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Tributes for AFP chief photographer killed in Kabul suicide bombing

Shah Marai, Agence France-Presse’s chief photographer in Kabul, has died following a suicide bombing in the Afghan capital on April 30.

Shah Marai, Agence France-Presse’s chief photographer in Kabul, died on April 30. Photo: AFP Shah Marai, Agence France-Presse’s chief photographer in Kabul, died on April 30. Photo: Johannes Eisele/AFP

Marai joined AFP as a driver in 1996, the year the Taliban seized power, and began taking pictures on the side, covering stories including the US invasion in 2001.

In 2002 he became a full-time photo stringer, rising through the ranks to become chief photographer in the bureau. He leaves behind six children, including a newborn daughter.

In a statement posted on Twitter, AFP’s Global News Director, Michele Leridon said the news was a “devastating blow” to colleagues and the organisation.


News of Marai’s death prompted a flood of tributes on Twitter.

Ministry spokesman Wahid Majroh told Afghanistan’s largest private TV channel Tolo news that at least 27 people were wounded and rushed to hospital. Marai was among three journalists reportedly killed in the blast.

“The bomber disguised himself as a journalist and detonated himself among the crowd,” police spokesman Kabul Hashmat Stanikzai said.

In 2016, Marai wrote a blog, When Hope Is Gone, for AFP detailing his life in Afghanistan, and how the return of the Taliban more than a decade after the American invasion in 2001 was once again devastating the country.

“Fifteen years after the American intervention, the Afghans find themselves without money, without work, just with the Taliban at their doorstep,’ he wrote. “I have never felt life to have so little prospects and I don’t see a way out. It’s a time of anxiety.”

Mahfouz Zubaide, a BBC News producer based in Afghanistan, paid tribute to Marai in a piece written for the Corporation’s website.

“Throughout it all Shah Marai was calm, smiling and positive. He was never scared of danger,” he wrote.

A Commemoration Ceremony for Kevin Barry H. Egan

From Coral Reefs to Carbon Markets: Paula DiPerna on her life’s journey

The journey from journalist to film producer to environmental crusader was the subject of a talk by Paula DiPerna, who spoke (through an intermediary) about working with legendary filmmaker and ocean explorer, Jacques Cousteau.

Despite losing her voice, Paula DiPerna managed to communicate her life story to FCC members. Photo: Sarah Graham/FCC Despite losing her voice, Paula DiPerna managed to communicate her life story to FCC members. Photo: Sarah Graham/FCC

Unfortunately, DiPerna, a visiting fellow of the Civic Exchange who has been in Hong Kong for eight weeks giving talks, had lost her voice by the time she arrived for her April 25 club lunch appearance. Joyce Lau, the Civic Exchange’s Communications Director, stepped in to read out her speech and DiPerna managed to whisper answers to questions from guests.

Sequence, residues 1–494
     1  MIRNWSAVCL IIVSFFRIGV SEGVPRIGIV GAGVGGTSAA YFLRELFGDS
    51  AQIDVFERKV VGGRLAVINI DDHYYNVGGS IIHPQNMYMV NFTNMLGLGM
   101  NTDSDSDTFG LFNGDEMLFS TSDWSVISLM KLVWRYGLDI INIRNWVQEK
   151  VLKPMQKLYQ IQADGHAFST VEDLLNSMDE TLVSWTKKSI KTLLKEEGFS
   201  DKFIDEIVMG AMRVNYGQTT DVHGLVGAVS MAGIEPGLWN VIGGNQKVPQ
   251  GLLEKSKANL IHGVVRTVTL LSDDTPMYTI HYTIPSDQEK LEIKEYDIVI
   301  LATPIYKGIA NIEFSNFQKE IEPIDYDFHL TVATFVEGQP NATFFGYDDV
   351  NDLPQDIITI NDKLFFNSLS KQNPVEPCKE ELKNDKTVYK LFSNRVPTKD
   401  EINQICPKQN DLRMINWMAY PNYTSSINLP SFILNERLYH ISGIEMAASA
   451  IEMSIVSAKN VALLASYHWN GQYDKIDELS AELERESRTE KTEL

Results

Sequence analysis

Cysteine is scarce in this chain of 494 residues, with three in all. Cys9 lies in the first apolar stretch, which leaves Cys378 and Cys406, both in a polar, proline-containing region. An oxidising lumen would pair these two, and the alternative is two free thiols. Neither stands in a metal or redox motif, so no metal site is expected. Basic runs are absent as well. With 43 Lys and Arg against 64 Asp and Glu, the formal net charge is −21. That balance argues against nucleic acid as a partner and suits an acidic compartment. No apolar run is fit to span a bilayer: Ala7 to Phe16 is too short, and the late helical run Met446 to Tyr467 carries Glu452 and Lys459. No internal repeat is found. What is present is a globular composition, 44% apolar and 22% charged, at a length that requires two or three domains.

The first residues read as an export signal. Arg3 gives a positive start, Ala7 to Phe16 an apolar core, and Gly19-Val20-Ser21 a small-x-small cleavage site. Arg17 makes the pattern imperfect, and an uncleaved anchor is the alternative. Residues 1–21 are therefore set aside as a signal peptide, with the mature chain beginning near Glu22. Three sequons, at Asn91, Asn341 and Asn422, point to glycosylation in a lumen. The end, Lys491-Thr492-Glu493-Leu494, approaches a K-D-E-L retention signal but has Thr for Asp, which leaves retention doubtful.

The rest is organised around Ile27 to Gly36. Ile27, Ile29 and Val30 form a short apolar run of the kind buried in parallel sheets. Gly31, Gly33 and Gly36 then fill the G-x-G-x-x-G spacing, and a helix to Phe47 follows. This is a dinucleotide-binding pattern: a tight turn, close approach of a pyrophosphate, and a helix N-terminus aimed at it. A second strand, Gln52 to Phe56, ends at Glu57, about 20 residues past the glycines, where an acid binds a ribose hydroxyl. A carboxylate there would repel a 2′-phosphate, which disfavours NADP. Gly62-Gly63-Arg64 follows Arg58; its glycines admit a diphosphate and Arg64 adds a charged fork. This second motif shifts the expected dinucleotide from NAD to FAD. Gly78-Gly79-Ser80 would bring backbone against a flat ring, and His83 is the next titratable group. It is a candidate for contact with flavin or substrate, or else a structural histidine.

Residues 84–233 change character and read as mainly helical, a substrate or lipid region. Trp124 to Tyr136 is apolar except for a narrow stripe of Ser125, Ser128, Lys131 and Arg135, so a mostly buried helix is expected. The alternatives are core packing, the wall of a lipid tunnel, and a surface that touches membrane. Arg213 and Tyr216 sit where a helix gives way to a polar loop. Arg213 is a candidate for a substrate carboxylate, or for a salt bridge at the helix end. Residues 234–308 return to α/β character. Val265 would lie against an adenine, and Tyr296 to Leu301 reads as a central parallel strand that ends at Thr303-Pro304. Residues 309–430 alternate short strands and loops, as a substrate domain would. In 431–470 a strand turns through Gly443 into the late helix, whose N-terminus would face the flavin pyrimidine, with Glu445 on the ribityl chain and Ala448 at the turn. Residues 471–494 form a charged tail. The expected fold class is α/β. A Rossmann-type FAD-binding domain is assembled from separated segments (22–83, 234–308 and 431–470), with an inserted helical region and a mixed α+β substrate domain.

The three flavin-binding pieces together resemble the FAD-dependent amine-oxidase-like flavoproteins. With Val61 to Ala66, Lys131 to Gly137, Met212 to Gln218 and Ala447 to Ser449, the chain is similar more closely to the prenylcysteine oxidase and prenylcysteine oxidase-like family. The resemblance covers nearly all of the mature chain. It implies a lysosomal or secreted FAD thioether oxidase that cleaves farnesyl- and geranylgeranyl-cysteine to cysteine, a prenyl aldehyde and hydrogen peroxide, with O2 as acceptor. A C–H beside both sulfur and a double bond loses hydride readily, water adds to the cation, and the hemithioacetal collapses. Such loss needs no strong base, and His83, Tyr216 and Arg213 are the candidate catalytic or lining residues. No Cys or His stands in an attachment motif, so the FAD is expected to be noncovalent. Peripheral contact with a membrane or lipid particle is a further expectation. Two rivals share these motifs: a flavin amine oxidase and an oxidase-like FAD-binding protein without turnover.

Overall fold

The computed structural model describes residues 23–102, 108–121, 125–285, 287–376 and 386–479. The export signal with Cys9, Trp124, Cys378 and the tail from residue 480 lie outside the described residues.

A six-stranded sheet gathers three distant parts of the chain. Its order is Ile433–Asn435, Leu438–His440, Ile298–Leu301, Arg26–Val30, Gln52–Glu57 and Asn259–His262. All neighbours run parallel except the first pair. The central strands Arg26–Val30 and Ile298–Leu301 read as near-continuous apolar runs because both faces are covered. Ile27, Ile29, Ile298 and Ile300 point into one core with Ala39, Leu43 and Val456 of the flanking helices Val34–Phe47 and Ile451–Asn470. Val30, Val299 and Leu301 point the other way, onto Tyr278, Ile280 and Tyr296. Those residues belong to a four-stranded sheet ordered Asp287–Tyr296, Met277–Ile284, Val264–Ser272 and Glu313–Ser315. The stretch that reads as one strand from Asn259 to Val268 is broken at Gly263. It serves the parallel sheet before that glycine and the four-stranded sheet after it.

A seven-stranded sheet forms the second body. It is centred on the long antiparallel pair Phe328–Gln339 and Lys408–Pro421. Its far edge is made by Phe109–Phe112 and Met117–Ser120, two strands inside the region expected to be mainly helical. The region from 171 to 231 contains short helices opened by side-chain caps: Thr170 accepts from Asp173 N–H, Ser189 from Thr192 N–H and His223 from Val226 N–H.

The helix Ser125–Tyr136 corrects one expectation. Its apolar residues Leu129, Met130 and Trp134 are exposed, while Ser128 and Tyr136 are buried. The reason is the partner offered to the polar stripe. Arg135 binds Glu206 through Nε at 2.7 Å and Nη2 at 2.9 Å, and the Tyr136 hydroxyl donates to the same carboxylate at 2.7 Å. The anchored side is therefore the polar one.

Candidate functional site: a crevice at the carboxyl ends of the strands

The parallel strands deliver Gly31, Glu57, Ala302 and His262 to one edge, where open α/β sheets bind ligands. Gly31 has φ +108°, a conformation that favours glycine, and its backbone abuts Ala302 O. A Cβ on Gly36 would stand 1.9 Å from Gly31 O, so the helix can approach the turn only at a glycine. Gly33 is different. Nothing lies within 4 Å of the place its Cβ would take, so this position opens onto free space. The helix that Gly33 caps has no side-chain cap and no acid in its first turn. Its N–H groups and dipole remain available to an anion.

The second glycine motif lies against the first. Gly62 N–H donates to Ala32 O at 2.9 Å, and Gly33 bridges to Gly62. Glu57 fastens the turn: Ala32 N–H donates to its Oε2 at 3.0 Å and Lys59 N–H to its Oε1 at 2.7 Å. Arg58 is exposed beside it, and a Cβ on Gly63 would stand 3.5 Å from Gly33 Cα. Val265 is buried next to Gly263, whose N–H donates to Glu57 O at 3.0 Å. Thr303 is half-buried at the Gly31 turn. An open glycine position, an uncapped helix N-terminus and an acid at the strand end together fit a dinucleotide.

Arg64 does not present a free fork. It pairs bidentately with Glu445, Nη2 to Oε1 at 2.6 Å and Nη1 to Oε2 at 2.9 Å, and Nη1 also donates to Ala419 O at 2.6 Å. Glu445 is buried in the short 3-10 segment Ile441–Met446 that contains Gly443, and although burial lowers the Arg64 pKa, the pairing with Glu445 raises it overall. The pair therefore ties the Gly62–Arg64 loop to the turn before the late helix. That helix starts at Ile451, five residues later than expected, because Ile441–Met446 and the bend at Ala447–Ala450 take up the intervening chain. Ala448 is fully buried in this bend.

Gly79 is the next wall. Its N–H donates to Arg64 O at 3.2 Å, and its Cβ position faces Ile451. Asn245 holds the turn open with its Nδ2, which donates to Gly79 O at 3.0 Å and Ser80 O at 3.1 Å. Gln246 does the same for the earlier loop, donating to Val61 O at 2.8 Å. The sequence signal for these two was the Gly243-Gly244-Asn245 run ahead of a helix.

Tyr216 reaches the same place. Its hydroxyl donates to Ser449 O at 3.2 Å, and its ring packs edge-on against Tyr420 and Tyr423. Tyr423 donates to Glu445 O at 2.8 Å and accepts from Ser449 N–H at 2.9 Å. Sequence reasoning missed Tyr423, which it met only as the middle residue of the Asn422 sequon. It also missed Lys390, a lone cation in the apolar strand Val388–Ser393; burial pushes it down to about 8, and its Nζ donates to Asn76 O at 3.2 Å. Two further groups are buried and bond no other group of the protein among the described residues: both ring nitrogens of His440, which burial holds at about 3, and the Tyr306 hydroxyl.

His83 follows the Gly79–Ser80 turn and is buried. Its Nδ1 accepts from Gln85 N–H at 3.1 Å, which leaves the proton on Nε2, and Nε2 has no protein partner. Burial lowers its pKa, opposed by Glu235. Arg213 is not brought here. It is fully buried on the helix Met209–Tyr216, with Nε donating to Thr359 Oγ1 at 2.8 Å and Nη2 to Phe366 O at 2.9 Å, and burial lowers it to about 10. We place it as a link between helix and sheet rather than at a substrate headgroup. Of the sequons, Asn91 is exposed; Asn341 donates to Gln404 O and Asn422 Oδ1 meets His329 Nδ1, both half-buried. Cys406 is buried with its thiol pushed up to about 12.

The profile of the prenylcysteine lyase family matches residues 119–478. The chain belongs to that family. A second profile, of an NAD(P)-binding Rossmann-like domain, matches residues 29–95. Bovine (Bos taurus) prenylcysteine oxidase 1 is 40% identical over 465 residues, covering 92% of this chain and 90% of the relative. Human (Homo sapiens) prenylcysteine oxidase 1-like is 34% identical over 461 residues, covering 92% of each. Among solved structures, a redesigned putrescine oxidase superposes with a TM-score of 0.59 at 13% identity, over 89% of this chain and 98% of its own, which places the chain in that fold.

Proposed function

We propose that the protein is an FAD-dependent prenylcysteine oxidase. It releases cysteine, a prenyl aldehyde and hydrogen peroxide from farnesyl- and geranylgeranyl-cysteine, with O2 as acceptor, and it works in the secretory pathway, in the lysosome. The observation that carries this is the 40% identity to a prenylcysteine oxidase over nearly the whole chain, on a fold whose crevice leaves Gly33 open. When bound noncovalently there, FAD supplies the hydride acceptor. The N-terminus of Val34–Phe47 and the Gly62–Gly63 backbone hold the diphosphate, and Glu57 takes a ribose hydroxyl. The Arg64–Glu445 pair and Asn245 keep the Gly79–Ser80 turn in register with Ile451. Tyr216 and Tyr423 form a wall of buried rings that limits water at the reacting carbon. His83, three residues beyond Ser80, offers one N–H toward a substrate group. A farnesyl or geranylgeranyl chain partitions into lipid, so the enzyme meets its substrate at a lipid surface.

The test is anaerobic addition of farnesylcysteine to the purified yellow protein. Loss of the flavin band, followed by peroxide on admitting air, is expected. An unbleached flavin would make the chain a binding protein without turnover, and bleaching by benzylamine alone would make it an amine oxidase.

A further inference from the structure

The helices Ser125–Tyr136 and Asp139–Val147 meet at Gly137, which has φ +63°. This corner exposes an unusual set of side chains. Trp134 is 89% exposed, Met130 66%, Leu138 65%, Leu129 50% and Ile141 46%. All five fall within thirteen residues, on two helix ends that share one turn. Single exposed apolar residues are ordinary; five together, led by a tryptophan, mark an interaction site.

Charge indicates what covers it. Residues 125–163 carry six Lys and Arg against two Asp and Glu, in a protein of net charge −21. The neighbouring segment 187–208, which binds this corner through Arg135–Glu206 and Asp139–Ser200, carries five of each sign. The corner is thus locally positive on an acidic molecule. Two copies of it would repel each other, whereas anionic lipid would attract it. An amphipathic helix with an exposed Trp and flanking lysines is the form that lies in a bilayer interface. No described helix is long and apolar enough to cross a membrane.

The documentary maker’s story began as a New York high school teacher with a burning passion to write stemming from an “early fascination with books and the stories my mother would make up and tell me when I was little”. An opportunity to indulge her yearning came when the city, facing bankruptcy, decided to axe the schools budget, “including letting go the teachers with least seniority, meaning me and my peers”.

“I found that so short-sighted and detrimental to the city’s welfare, and was burning to tell the story,” DiPerna said.

And write about it she did, albeit a first attempt described by Village Voice editor Ross Wetzsteon as “too boring… a perfect example of an interesting story that turns boring on the page”.

Despite her underwhelming start in journalism, DiPerna kept writing and eventually took a role as a volunteer editor on a book called The Cousteau Almanac. “I volunteered, thinking it would be a good way to learn about ocean science although at that time I had no interest in the environment per se,” she said.

But an interest in the environment did develop through her close working relationship with Cousteau himself, whose pioneering TV series The Undersea World of Jacques Cousteau was watched by millions, and who co-invented the the breathe-on-demand valve for SCUBA diving. Her work with Cousteau took her into film production and narration, and together they traveled the world to highlight environmental issues.

“Cousteau was so famous he could secure a meeting with anyone, and we worked closely with Heads of State and just about anyone he wanted to meet wanted to meet him.  So we had fantastic access to the top and I began also to see how big decisions get made – quickly very often,” she said. “Although to avoid inertia, implementation is key and that was my key role for Cousteau on the policy side. To implement the big ideas he was launching to this or that high level person.”

During the talk, DiPerna showed photos of her expeditions with Cousteau to Antarctica and Alaska, among other far-flung places. But perhaps one of their most important trips was to Cuba, where they helped secure the release of 50 political prisoners being held under the Castro regime.

“Suffice it to say here that no three people were ever less destined to meet than me, Jacques Cousteau and Fidel Castro, and yet not only did we meet, we got along well enough to develop a trust that enabled Castro to release these prisoners as a token of his respect for Cousteau, and for me to able to work with the US government – when we had no official diplomatic relations – to get entry visas for the prisoners – all men,” DiPerna said.

Having developed the Chicago Climate Exchange (CCX), the first integrated cap-and-trade system in the world that handled all six greenhouse gases; and subsequently the Tianjin Climate Exchange, the first of China’s seven pilot carbon markets; DiPerna now spends her time promoting the concept of making pollution more expensive than not polluting.

“So now, today, I try to pull all the threads of my life together wherever and however I can, giving talks (too many I guess given the state of my voice) and writing and affixing myself to strategic organisations such as CDP and Civic Exchange,” she said.

Income Statement – March 2018

March 17, 2018 Board minutes

China’s flouting of global trade rules is too big to ignore, says Hong Kong’s U.S. Consul

China must play by global trade rules and raise its game on economic reform, warned the U.S. Consul General to Hong Kong and Macau as he said the problem of Beijing’s “market-distorting policies and practices” was too big to ignore.

U.S. Consul General Kurt Tong discussed the recent trade developments between China and the United States. Photo: Sarah Graham/FCC U.S. Consul General Kurt Tong discussed the recent trade developments between China and the United States. Photo: Sarah Graham/FCC